How International Institutions Die
While the COVID-19 pandemic has highlighted international institutions’ shortcomings, it also made plain, yet again, that the biggest challenges today are global in nature. In this context, defending multilateral institutions is not a display of “nostalgia,” but an act of realism.
MADRID – In the aftermath of World War II, the victors established a set of institutions that have underpinned the world order ever since. While those institutions have often been contested, they have proved to be highly resilient. But this does not mean they are invulnerable. On the contrary, their effectiveness may be gradually eroded – especially when they are used as geopolitical pawns.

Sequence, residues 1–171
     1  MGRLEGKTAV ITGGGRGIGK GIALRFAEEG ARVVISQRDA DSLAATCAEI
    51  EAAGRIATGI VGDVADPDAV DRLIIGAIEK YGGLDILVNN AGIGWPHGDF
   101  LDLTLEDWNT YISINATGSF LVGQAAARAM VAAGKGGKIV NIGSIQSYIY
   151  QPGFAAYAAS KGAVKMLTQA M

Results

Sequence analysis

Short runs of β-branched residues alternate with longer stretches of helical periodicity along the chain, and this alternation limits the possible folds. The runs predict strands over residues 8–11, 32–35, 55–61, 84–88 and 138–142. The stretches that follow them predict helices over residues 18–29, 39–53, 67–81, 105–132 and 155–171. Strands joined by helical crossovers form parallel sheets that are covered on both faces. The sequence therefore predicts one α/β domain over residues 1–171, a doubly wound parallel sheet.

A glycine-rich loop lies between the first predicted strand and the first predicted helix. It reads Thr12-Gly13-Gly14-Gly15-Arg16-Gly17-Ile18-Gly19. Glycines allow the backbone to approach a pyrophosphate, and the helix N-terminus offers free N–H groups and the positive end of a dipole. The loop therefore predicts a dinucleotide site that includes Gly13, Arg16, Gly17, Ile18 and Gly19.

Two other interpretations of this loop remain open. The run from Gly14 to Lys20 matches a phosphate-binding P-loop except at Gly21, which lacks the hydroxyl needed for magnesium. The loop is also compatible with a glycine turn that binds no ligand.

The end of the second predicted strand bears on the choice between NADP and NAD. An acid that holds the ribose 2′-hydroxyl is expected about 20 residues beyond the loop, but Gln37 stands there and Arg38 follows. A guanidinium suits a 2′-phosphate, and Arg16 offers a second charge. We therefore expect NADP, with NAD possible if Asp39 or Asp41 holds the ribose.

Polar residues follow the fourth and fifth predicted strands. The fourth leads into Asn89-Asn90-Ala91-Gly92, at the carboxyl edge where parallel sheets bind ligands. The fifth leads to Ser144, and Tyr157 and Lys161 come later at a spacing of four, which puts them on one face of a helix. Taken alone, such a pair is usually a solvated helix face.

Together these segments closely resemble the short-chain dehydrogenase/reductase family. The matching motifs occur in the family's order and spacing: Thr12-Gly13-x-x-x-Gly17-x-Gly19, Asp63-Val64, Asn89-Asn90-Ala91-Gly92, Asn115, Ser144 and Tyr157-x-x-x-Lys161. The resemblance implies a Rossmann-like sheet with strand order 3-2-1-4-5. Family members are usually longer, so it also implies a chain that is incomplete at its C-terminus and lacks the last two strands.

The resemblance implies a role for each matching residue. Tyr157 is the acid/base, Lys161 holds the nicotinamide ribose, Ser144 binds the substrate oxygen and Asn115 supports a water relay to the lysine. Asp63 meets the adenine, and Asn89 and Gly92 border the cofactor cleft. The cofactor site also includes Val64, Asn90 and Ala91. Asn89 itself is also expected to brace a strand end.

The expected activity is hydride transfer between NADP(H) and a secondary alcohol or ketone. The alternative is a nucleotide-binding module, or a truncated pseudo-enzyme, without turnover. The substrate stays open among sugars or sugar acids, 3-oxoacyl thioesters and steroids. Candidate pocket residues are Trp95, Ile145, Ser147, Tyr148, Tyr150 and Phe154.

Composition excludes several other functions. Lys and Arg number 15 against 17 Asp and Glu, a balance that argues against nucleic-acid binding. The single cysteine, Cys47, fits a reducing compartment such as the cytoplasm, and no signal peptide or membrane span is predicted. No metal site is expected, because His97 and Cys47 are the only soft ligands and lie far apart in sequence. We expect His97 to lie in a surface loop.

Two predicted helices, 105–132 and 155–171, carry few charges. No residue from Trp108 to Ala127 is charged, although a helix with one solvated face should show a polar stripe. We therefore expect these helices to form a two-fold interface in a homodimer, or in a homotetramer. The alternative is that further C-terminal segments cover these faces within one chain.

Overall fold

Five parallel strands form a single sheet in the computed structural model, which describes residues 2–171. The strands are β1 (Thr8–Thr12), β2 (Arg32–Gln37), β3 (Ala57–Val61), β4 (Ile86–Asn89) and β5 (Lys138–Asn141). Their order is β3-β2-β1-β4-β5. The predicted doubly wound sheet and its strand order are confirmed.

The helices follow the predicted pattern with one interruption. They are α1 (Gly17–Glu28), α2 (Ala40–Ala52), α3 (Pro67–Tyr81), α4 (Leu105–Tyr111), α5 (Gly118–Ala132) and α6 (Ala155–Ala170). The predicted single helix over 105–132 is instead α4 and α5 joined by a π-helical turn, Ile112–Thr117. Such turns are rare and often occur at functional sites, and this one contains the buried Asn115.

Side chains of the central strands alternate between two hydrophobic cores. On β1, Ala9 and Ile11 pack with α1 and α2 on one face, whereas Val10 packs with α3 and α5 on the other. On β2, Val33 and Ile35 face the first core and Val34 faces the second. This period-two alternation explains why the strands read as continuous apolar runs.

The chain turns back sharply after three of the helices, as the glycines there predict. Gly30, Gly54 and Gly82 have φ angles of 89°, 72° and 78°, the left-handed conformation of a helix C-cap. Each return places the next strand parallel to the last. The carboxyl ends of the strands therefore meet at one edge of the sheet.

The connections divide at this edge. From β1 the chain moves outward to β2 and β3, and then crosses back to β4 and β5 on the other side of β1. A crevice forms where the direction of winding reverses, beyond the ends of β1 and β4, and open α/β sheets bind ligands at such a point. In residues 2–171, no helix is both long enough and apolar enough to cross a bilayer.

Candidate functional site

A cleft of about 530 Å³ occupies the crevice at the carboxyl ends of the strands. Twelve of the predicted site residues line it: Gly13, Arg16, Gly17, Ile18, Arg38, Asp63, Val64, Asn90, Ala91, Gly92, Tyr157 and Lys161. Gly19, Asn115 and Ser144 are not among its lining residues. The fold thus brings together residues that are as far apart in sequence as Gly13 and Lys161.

Academic research offers abundant analysis of the factors that boost institutional hardiness, and those that tend to hasten institutional failure. One key message – which my own experience at the World Bank and in the European Union confirms – is that institutions thrive when there is trust. Small wonder, then, that the international order’s institutional arrangements are at risk.
Former US President Donald Trump’s administration threw the institutional-trust deficit into sharp relief. In just four years, Trump either defunded or disengaged from several United Nations agencies and multilateral agreements, paralyzed the World Trade Organization, and withdrew the United States from the World Health Organization.